Irrigation New Zealand and Federated Farmers are calling for public subsidies for irrigation projects. In their view, this year’s drought, and the prospect of more in the future given a changing climate, has underlined the need for increased water storage. In their view it is no different from building roads and other infrastructure, which benefits everyone. Do they have a point? Who should pay for water storage and irrigation in this country?
The short answer is yes and no. They do have a point, but only so long as water users and polluters paid for the costs of the water they access and the environmental damage they wreak. This consistency – which is purely the logic of the industry lobbyists extended – would yield enough money to improve water infrastructure. But no way should Average Joe and Jo Kiwi pay a cent for someone else’s pipes and dams – which seems where the lobbyists are bludging for handouts.
Great to hear Fed Farmers accepting climate change!
First up, it is great to hear Federated Farmers acknowledging the impact that climate change is having on farming – that must mean they are waking up to the science. Better late than never we suppose, pity they’re not so convinced however to be part of the Emissions Trading Scheme like the rest of us. Must be hard to wean one-self off handouts and subsidies.
Why should government pay?
The arguments from Irrigation New Zealand and Federated Farmers covered three points:
- Irrigation is like roads – it is basic infrastructure that brings prosperity to an area,
- Irrigation suffers from coordination failure during start-up, and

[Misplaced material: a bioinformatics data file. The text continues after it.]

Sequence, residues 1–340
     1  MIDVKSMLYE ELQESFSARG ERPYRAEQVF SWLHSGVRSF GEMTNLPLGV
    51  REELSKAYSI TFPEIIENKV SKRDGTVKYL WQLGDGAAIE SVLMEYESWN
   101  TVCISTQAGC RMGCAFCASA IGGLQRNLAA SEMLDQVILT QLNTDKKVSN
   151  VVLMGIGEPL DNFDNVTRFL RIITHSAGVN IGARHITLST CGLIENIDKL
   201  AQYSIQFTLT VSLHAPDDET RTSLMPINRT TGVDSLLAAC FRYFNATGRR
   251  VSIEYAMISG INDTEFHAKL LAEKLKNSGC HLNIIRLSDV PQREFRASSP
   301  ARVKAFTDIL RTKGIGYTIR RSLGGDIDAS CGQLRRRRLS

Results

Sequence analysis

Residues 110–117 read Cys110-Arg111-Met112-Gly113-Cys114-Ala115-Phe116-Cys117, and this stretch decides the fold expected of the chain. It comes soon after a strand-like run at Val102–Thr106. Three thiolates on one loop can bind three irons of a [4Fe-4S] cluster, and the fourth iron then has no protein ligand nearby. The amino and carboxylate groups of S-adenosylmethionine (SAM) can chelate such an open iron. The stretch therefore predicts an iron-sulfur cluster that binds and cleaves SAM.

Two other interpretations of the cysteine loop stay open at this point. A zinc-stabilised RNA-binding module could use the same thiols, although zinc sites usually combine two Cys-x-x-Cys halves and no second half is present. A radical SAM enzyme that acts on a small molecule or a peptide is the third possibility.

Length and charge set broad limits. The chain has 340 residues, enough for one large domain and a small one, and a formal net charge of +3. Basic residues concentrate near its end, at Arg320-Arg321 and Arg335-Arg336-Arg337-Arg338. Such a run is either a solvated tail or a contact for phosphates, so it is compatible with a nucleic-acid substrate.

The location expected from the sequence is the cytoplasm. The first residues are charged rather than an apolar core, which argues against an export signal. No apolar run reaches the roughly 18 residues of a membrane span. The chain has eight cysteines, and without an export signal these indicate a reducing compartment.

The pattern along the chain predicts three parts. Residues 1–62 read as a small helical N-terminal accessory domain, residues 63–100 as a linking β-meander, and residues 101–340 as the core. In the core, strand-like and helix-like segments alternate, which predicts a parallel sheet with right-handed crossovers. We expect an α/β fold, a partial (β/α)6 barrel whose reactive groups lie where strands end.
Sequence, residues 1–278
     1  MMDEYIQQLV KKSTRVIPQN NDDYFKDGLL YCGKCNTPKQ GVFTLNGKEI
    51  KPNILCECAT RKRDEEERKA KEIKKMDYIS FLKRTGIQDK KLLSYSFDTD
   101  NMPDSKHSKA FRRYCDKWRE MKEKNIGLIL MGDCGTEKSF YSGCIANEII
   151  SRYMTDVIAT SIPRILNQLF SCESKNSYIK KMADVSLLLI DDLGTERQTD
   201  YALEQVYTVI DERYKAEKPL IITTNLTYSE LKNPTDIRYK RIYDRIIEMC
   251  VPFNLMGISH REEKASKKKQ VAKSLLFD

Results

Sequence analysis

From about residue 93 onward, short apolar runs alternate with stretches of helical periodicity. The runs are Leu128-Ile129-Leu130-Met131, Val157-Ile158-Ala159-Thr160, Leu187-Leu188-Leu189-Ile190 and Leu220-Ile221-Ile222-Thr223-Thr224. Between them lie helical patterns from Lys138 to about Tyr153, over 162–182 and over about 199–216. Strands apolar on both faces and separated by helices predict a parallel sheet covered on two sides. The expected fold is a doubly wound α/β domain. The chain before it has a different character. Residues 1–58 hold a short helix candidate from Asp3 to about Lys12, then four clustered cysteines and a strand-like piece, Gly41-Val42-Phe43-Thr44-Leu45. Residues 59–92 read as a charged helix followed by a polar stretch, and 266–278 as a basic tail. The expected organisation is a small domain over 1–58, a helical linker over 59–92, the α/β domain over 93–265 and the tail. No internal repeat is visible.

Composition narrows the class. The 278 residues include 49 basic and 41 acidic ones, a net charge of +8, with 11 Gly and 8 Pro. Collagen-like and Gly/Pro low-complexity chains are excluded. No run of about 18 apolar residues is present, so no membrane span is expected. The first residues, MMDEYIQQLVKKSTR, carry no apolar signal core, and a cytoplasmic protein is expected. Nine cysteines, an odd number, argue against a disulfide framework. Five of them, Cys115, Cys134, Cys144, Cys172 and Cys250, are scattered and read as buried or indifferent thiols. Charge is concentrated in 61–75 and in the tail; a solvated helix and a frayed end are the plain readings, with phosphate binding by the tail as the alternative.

- There are environmental benefits from irrigation.
Let’s look at each in turn.
Is irrigation like roads?
Sure, irrigation can bring wider economic benefits, albeit to a localised area. Look no further than Ashburton on that count. However, that doesn’t justify it for public subsidy. We can get into the nitty gritty, but lots of private ventures have positive economic benefits – doesn’t mean at all they should be subsidised so the lobbyists’ logic there is a fail. Like roads, irrigation often primarily, even exclusively benefit the user, which is why such roads have a toll attached and others are funded by petrol levies.
Further, roads can be used by everyone, at least until traffic jams start appearing. While the water infrastructure could technically be used by everyone, the water running through farmers’ pipes cannot be used for any other purpose. In that sense, irrigation is privatising a public good. Therefore user pays thanks very much.
Commercial water users should also pay for the water they use
The analogy that water infrastructure (dams, storage, pipes) is like roading infrastructure would ‘hold more water’ if that water that flowed though that infrastructure was actually paid for. At the moment, it is not, the public gains nothing from the private use of a public resource.
And yes, before you ask, the same goes for all commercial users of public water. In other words, let’s charge water users for the water they use. Some of that revenue could potentially go back into improving water infrastructure as Irrigation NZ and the Feds are asking for. But neither are stepping up to the plate to pay for their usage – that’s hypocrisy.
Irrigation requires herding cats